Ros. Ay, be so, good Touchstone:-Look you, food? Or, with a base and boisterous sword, enforce
solemn talk. A thievish living on the common road ?
Enter Corin and SILVIUS. This I must do, or know not what to do:
Cor. That is the way to make her scorn you still. Yet this I will not do, do how I can ;
Sil. O Corin, that thou knew'st how I do love her! No enemy,
6 Sink into dejection.
9 Blood turned from its natural course,
Cor. I partly guess; for I have lov'd ere now. Cel. And we will mend thy wages: I like this place, Sil. No, Corin, being old thou canst not guess ; And willingly could waste my time in it. Though in thy youth thou wast as true a lover Cor. Assuredly, the thing is to be sold; As ever sigh'd upon a midnight pillow:
Go with me, if you like upon report, But if thy love were ever like to mine,
The soil, the profit, and this kind of life, (As sure I think did never man love so,)
I will your very faithful feeder be, How many actions most ridiculous
And buy it with your gold right suddenly. (Exeunt.
SCENE V. - The same.
Enter AMIENS, JAQUES, and others.
Ami. Under the greenwood tree,
Who loves to lie with me, Thou hast not lov'd :
And tune his merry note, Or if thou hast not broke from company,
Unto the sweet bird's throat, Abruptly, as my passion now makes me,
Come hither, come hither, come hither; Thou hast not lov'd: O Phebe, Phebe, Phebe !
Here shall he see
[Exit Silvius. Ros. Alas, poor shepherd ! searching of thy wound, But winter and rough weather. I have by hard adventure found my own.
Jaq. More, more, I pr’ythee, more. Touch. And I mine: We, that are true lovers, run
Ami. It will make you melancholy, monsieur into strange capers; but as all is mortal in nature, Jaques. so is all nature in love mortal in folly.
Jaq. I thank it. More, I prythee, more. I can Ros. Thou speak'st wiser than thou art 'ware of. suck melancholy out of a song, as a weazel sucks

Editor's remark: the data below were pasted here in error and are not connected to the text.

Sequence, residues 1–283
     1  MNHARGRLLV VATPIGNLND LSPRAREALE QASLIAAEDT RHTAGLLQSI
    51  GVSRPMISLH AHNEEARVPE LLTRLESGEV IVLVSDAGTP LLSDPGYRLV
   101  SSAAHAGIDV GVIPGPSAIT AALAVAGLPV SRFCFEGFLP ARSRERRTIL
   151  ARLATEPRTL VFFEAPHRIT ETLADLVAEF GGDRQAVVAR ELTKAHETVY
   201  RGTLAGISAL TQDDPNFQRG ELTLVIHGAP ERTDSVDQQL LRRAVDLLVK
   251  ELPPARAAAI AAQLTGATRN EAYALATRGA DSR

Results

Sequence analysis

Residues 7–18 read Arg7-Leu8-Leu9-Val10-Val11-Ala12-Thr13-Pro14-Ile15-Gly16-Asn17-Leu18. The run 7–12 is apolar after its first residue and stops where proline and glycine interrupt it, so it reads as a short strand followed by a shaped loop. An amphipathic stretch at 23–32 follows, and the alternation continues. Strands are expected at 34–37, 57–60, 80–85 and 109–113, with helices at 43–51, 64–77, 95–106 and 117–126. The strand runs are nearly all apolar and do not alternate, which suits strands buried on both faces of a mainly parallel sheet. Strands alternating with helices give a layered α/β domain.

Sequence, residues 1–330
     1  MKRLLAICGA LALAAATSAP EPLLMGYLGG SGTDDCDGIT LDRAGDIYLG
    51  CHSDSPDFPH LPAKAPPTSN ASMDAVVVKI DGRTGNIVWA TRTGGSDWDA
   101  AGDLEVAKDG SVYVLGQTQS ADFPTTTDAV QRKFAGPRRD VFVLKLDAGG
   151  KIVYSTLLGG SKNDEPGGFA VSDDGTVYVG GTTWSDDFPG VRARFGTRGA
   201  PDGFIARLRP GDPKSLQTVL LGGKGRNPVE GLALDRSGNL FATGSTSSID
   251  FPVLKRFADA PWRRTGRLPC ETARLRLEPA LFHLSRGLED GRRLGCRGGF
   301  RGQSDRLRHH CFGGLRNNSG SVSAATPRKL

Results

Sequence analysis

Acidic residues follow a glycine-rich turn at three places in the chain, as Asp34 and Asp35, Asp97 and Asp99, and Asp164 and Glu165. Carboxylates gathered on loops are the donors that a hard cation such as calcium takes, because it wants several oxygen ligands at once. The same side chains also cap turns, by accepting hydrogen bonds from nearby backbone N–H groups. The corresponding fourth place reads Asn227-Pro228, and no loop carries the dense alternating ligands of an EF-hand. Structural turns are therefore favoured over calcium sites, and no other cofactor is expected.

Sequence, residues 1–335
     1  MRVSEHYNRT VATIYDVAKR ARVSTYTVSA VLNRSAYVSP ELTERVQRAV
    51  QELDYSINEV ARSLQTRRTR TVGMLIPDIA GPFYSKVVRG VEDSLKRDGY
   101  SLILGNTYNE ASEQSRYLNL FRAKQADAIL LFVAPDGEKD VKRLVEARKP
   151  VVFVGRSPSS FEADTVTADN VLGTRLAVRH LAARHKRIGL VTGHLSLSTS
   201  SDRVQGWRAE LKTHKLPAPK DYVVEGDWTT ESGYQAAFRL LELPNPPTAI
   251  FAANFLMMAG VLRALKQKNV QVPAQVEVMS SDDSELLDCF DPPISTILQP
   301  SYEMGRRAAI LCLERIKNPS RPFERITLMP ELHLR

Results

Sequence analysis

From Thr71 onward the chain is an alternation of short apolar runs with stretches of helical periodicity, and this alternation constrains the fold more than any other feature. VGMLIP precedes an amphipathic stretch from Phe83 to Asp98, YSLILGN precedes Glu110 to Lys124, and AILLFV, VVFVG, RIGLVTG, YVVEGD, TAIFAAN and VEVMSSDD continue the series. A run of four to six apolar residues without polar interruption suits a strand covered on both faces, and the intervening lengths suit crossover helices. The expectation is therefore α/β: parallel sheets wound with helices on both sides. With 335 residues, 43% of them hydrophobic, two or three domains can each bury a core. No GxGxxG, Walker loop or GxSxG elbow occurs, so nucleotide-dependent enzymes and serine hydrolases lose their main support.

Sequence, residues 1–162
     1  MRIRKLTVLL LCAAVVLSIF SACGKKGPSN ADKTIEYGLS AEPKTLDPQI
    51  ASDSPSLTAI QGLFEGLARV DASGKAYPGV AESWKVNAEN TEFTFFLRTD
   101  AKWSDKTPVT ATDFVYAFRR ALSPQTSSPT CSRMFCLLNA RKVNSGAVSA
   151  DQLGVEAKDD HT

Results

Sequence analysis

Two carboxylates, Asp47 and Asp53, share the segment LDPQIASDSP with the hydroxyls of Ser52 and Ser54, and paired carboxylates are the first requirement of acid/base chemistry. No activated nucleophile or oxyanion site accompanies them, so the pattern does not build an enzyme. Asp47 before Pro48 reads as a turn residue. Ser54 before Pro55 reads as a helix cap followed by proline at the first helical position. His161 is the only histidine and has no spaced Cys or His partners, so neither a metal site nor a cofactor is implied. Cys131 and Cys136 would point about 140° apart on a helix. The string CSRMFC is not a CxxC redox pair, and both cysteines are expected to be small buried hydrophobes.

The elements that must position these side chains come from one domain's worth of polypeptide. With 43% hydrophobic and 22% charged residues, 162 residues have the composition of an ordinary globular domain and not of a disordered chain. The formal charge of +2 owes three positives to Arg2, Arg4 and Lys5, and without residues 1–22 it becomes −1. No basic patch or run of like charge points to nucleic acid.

Touch. Nay, I shall ne'er be 'ware of mine own eggs: More, I pr’ythee, more. wit, till I break my shins against it.
Ami. My voice is ragged 3 ; I know, I cannot Ros. Jove! Jove ! this shepherd's passion
please you, Is much upon my fashion.
Jaq. I do not desire you to please me, I do deTouch. And mine ; but it grows something stale sire you to sing : Comé, more; another stanza : with me.
Call you them stanzas ? Cel. I pray you, one of you question yond man,
Ami. What you will, monsieur Jaques. If he for gold will give us any food;
Jaq. Nay, I care not for their names; they owe I faint almost to death.
me nothing : Will you sing? Touch. Holla ; you, clown!
Ami. More at your request, than to please myself. Ros. Peace, fool, he's not thy kinsman.
Jaq. Well then, if ever I thank any man, I'll Cor. Who calls ?
thank you; but that they call compliment, is like Touch. Your betters, sir.
the encounter of two dog-apes ; and when a man Cor. Else are they very wretched.
thanks me heartily, methinks, I have given him a Ros.
Peace, I say :
penny, and he renders me the beggarlythanks. Come, Good even to you, friend.
sing; and you that will not, hold your tongues. Cor. And to you gentle sir, and to you all. Ami. Well, I'll end the song. Sirs, cover the Ros. I pr’ythee, shepherd, if that love, or gold,
while; the duke will drink under this tree: — he Can in this desert place buy entertainment, hath been all this day to look you. Bring us where we may rest ourselves, and feed :
Jaq. And I have been all this day to avoid him. Here's a young maid with travail much oppress’d, He is too dispútable 4 for my company: I think of And faints for succour.
as many matters as he ; but I give heaven thanks, Cor.
Fair sir, I pity her, and make no boast of them. Come, warble, come. And wish for her sake, more than for mine own, My fortunes were more able to relieve her:
SONG. But I am shepherd to another man,
Who doth ambition shun, (All together here. And do not shear the fleeces that I graze;
And loves to live i' the sun, My master is of churlish disposition,
Seeking the food he eats, And little recks 2 to find the way to heaven
And pleus'd with what he gets, By doing deeds of hospitality :
Come hither, come hither, come hither ; Besides, his cote, his flocks, and bounds of feed,
Here shall he see Are now on sale, and at our sheepcote now,
But winter and rough weather.
Jaq. I'll give you a verse to this note, that I made Ros. What is he that shall buy his flock and pasture? yesterday in despite of my invention.
Ami. And I'll sing it. Cor. That young swain that you saw here but
Jaq. Thus it goes :erewhile, That little cares for buying any thing.
If it do come to pass, Ros. I pray thee, if it stand with honesty,
That any man turn ass, Buy thou the cottage, pasture, and the flock,
Leaving his wealth and ease, And thou shalt have to pay for it of us.
A stubborn will to please,
9 Ragged and rugged had formerly the same meaning. 2 Cares.